When it comes to dividing your application into modules.. do u believe in inter-module dependency, or every module must be able to standalone?
This is my thought…
I am assuming you are talking about modules for specific framework, instead of general module that is framework agnostic.
I think it is OK to have inter-module dependency, just do your best to minimize it. 0 dependency module is ideal, but need to weight cost of effort and code duplication.
Supposed I have a timetable module for student to manage timetable. It requires access to DB. If there is already a ORM/DB module, there is no need to rewrite another one just to make sure my module has 0 dependency.
Do 1 things, and do it well. If your module is very focus, it usually will have minimal dependency on other modules.
Use a dependency resolution/manager. On PHP platform, Composer makes sure the dependent modules are in place.
I will avoid writing an 0 dependency module at the expense of reinventing the wheel. I prefer to write reusable code and use them whenever possible. I will let the dependency manager handle the dependencies.
Benson:Personally I find that implementing a project with dependency injection in mind can cause development time to take longer, but you will appreciate the flexibility it gives and ease of testing once the application gets bigger in future.
Many times, shorter development time, which sounds pleasing to any client, is really not the way, especially if the client is gonna work with you long term over the same project.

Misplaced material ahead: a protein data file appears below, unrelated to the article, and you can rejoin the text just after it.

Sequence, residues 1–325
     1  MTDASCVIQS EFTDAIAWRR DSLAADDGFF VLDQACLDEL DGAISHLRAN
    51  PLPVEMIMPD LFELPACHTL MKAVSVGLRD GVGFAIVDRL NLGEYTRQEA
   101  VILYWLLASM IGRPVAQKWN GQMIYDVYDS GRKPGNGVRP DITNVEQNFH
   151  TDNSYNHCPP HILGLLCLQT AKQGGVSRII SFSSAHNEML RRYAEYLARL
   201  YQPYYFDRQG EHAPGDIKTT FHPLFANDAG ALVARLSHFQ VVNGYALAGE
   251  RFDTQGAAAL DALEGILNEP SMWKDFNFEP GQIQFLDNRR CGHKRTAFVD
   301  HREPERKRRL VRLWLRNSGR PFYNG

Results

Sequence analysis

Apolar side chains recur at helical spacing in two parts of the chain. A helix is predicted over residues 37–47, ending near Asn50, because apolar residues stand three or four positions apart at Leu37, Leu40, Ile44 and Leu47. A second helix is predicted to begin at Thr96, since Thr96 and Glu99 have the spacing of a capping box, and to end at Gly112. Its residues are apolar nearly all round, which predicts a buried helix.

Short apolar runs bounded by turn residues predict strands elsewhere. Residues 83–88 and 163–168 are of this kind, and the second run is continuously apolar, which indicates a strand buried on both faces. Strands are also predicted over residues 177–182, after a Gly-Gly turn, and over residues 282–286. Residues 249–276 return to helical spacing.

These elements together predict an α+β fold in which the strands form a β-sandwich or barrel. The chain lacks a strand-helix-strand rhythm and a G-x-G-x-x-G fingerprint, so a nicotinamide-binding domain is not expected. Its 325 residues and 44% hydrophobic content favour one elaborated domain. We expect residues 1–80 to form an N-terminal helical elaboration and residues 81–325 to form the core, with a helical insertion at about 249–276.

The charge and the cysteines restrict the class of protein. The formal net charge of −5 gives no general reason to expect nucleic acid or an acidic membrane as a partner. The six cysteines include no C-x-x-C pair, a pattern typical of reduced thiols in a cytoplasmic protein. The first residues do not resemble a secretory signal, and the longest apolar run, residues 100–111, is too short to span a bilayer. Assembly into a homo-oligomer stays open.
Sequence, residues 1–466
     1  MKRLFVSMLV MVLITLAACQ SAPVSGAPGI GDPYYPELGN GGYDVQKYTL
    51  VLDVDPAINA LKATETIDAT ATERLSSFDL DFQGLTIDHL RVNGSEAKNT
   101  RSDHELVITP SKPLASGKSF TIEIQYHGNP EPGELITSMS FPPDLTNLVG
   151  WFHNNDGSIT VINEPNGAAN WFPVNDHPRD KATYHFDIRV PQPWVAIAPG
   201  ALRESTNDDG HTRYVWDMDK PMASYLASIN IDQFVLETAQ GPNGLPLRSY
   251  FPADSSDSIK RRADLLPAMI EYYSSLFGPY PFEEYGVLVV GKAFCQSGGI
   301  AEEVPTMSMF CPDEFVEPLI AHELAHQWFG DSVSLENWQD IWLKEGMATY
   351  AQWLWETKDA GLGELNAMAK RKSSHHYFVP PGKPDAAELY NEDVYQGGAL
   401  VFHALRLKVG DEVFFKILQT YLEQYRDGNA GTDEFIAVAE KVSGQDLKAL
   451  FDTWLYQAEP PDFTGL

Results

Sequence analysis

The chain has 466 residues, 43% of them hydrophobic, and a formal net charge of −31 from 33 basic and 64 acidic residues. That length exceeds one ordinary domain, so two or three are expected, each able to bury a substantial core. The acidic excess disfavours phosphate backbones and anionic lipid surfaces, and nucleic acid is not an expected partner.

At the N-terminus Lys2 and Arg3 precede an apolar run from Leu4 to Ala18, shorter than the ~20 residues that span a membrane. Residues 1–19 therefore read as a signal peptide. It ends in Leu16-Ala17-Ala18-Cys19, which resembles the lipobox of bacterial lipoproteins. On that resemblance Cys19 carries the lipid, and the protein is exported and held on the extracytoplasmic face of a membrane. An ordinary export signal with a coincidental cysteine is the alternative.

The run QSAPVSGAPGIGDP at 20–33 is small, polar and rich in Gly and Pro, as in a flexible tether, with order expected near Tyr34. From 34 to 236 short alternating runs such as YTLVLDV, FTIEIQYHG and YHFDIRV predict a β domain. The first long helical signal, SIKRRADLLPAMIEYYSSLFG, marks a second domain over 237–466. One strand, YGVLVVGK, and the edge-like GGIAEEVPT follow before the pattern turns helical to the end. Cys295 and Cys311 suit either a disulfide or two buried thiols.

Hong:Another technique for reducing technical debt, but does not take extra time, is to write testable code. You may may decide not to do unit testing, but you can still write testable code. From my experience, it greatly helps me reduce coupling among code.
Of course, you will need have unit testing experience to know what is "testable code".
An excellent post on how to present product to users. When writing a marketing message, it is a good idea to focus on benefit, instead of features. The article has described (with examples) on the difference between benefits and features.
From users’ perspective, why would they want to use your product?
Keeping it DRY (Don’t Repeat Yourself) helps to reduce technical debt. Once you spotted either a piece of information or code been duplicated in 2 places, it is time to refactor. It may be putting it into a function, or setting it as a class constant. Don’t wait until it starts duplicating in more than 2 places.
I think it is not enough to know only 1 application framework and use it as a Swiss Army Knife for everything. It better to learn different frameworks each designed to solve different problems. I suggest learning 1 framework at a time, and get sufficiently effective with it, before moving on to learn the next class of framework.
These are some classifications I would like to learn at least one framework in each category:
Sometime my client tells me that he wants a particular feature. It is good to take a step further and figure out why he wants this feature. It is crucial to understand the client’s problems you are paid to solve.
Possible outcome of discovering the root problem:
You may be able to propose alternative feature that can better solve this problem (possibly easier implementation)
You may discover that the feature may not be solving the problem at all, and it might need to be remove from feature list